Cambridge Dictionaries online Cambridge Dictionaries online

The most popular online dictionary and thesaurus for learners of English

English definition of “follow”

See all translations

follow

verb
 
 
/ˈfɒləʊ/
GO [I, T] A2 to move behind someone or something and go where they go, sometimes secretly: She followed me into the kitchen. He employed a private detective to follow his wife.Pursuing
HAPPEN [I, T] B1 to happen or come after something: The weeks that followed were the happiest days of my life. There was a bang, followed by a cloud of smoke.Occurring and happening
follow a path/road, etc B1 to travel along a path/road, etc: Follow the main road down to the traffic lights.Travelling
follow instructions/orders/rules, etc B1 to do what the instructions/orders/rules, etc say you should do: I followed your advice and stayed at home.Obedient and compliantObeying and breaking the law
follow sb's example/lead to copy someone's behaviour or ideas: You should follow Meg's example and tidy your room.Copying and copiesForgery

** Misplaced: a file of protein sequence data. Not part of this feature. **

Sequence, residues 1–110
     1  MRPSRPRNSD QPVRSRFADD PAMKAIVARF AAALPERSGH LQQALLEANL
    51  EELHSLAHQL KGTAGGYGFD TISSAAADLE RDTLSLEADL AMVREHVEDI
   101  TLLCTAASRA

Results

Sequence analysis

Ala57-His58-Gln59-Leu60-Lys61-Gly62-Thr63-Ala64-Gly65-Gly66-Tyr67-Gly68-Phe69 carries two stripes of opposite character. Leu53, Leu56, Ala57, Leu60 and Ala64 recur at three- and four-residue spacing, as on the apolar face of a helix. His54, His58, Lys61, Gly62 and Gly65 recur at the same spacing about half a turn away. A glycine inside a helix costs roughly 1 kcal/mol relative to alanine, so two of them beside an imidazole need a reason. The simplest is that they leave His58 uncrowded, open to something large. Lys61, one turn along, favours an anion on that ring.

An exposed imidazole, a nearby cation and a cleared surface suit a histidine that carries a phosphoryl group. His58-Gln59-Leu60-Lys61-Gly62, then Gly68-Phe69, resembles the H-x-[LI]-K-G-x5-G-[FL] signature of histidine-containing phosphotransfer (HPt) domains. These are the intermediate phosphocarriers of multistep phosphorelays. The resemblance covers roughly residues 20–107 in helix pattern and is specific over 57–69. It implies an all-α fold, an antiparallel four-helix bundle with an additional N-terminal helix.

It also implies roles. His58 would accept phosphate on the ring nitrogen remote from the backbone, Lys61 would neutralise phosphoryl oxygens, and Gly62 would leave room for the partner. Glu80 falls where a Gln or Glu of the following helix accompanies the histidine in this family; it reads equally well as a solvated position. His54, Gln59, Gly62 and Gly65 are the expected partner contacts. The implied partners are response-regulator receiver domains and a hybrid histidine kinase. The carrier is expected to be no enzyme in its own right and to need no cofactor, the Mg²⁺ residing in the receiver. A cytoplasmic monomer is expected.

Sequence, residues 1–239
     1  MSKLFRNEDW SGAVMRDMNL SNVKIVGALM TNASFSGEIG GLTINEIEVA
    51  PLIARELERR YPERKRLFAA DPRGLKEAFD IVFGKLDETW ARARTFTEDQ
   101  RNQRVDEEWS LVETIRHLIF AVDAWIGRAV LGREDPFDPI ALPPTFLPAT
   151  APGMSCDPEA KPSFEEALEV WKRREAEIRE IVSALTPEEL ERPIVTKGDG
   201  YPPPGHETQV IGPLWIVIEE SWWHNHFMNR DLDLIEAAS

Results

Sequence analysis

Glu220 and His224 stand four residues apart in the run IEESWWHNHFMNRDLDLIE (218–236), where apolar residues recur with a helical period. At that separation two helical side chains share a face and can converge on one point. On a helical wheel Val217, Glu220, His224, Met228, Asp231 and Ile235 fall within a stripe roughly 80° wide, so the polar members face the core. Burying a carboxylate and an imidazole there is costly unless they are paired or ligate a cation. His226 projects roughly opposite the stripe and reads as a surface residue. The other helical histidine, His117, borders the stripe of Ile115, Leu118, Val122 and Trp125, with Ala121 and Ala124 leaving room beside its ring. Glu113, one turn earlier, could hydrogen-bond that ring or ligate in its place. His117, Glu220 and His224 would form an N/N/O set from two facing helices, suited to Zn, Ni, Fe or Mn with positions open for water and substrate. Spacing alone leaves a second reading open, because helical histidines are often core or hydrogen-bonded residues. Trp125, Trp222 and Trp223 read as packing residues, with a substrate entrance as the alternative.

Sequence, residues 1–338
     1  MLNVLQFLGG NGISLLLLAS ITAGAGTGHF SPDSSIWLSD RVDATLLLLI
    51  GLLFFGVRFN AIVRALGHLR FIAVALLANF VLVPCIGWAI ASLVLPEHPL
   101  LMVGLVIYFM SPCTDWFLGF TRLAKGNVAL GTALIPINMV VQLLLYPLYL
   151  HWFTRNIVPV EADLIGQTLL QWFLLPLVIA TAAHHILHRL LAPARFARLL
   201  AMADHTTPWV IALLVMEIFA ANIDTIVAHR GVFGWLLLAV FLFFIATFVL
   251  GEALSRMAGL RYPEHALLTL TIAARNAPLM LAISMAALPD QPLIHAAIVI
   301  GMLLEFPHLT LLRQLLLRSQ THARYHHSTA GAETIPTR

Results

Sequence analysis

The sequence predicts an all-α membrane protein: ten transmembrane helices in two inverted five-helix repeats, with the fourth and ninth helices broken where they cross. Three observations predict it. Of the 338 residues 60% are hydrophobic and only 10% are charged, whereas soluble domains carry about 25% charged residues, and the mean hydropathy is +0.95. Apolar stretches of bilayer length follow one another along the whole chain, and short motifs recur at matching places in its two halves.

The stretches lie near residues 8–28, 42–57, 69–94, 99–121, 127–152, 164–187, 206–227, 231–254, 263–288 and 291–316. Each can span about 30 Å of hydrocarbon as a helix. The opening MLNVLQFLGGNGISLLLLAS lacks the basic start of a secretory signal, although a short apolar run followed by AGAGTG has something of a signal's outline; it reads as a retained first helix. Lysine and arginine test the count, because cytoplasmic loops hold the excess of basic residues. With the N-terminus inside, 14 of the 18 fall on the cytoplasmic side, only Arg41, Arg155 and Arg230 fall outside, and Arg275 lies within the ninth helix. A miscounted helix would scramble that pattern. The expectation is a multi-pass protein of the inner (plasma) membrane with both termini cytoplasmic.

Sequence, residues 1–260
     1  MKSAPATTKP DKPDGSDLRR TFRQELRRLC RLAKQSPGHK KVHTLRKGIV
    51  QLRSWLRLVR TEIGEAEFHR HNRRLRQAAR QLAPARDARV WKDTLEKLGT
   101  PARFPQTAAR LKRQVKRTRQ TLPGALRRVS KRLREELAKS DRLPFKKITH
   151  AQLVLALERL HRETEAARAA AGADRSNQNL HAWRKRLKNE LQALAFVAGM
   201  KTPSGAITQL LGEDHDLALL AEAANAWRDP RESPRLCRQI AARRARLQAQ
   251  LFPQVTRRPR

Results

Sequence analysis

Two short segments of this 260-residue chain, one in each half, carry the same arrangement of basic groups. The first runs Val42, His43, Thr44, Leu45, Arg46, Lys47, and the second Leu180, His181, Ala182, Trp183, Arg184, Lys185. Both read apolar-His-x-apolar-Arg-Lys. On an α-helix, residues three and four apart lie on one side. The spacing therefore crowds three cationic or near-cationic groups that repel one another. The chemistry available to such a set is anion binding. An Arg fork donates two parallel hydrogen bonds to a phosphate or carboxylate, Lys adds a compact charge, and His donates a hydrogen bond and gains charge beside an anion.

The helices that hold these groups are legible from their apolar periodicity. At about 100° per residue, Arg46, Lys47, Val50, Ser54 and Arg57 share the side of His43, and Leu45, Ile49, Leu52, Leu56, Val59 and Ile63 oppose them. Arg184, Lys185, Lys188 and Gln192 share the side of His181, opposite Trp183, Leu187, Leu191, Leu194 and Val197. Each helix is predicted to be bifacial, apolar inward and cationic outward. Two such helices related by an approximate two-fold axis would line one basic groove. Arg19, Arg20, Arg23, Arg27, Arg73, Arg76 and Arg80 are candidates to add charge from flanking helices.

UNDERSTAND [I, T] B1 to understand something: Could you say that again? I didn't quite follow.Understanding and comprehending
BE INTERESTED [T] to be interested in an event or activity: I followed the trial closely.Excited, interested and enthusiastic
as follows B2 used to introduce a list or descriptionQuoting and making references
it follows that used to say that if one thing is true, another thing will also be true: He's big, but it doesn't follow that he's strong. →  See also follow in sb's footsteps , follow suit Concluding and deducing
(Definition of follow from the Cambridge Learners Dictionary © Cambridge University Press)
Add Cambridge dictionaries to your browser to your website

Definitions of “follow” in other dictionaries

Word of the Day

thug

a man who acts violently, especially to commit a crime

Word of the Day

The way we move (Verbs for walking and running)

by Kate Woodford,
March 25, 2015
​​​ This week we’re looking at interesting ways to describe the way that people move. Most of the verbs that we’ll be considering describe how fast or slow people move. Others describe the attitude or state of mind of the person walking or running. Some describe both. Starting with verbs for walking slowly,

Read More 

crossfit noun

March 23, 2015
high-intensity strength training Two women in strappy dresses discussed how much weight they could snatch

Read More